On December 8, 2018, we worked through part 2 of the 3-part structure of the story series. Here are the show notes:
Dr. Kasie Whitener, Clemson Road Creative, fiction writer
Rex Hurst, English Instructor, fiction writer
Theme for the day
Stuck in the Middle
- Who we are and why we’re here
- The topic for the week: Stuck in the Middle – how to keep your readers engaged and move the story along to completion
- Book discussion — currently reading and its analysis through the lens of the topic
- Craft book discussion — Elizabeth Berg’s Escaping into the Open
- Famous Quotes – brought to us by Bonnie Stanard, show patron and Historical Fiction author
So, the basic structure of a story is Beginning, Middle and End and last week we gave you an episode dedicated to Beginnings. We could probably do another one on that topic, honestly, but before we’re run away with our feelings about starting something new, let’s move on to the middle of the story.
This blog defines the middle as “Here a series of events or complications occur, leading to an increase in the tension. This is also where the characters change and grow as they deal with the conflicts they face. Some of the minor crises are temporarily resolved, but the story continues in the direction of a major crisis, or climax.”
Let’s break that down into three basic things the middleof the story has to do:
- Consist of a series of events — something has to happen.
- Characters change and grow — that somethingthat happens is changing the characters for better or worse.
- Minor crises happen and are resolved, but somehow lead up to or foreshadow the majorcrisis which will be the climax.
What’s so hard about that?
The biggest fear is creating a “meh” middle — something that has readers bored, wondering when the action will pick up, when the character will finally learn his lesson, or when the villain will finally make his move.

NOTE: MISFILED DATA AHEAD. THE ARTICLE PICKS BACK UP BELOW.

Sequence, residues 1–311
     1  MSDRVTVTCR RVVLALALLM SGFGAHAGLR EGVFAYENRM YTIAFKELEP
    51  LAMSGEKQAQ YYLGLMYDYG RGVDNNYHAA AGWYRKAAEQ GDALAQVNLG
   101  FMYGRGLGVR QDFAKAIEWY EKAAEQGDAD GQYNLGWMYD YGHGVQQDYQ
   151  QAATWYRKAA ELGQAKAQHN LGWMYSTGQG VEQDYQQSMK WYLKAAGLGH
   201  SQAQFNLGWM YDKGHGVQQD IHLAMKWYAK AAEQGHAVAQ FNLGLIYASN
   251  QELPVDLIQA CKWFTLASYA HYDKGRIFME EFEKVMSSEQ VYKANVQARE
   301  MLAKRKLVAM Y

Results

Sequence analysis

We’ve all read books we’re just not that excited to come back to. We might be 60 pages in and wondering if we should bother continuing.
This blog gives us five ways to write better middles:
- Introduce a new character who will compete with the protagonist or at least interfere with your protagonist’s goal achievement. — When have we seen this work?
- Reveal a hidden piece of information that interferes with the protagonist’s goal.
- Let the protagonist fail (at something); when we think the task is even harder than it looked, we’re engaged as readers in watching the protagonist figure out a different way.
- Let a side character make a choice that hurts the protagonist; a betrayal or abandonment can be a powerful thing. Think Ron Weasley walking away from the Deathly Hallows pursuit.
- Countdown! Decrease the amount of time the character has to overcome the challenge. I did this in my novel After December, Brian learns his parents are moving away from his hometown which means this is the last time he’ll be “home” for all intents and purposes.
- Let an abrasive character push the story off course
- Undermine the character’s strength — like letting him fail, but actually closer to that hero conversation we had where we realize not even the character’s super power will be enough to save him.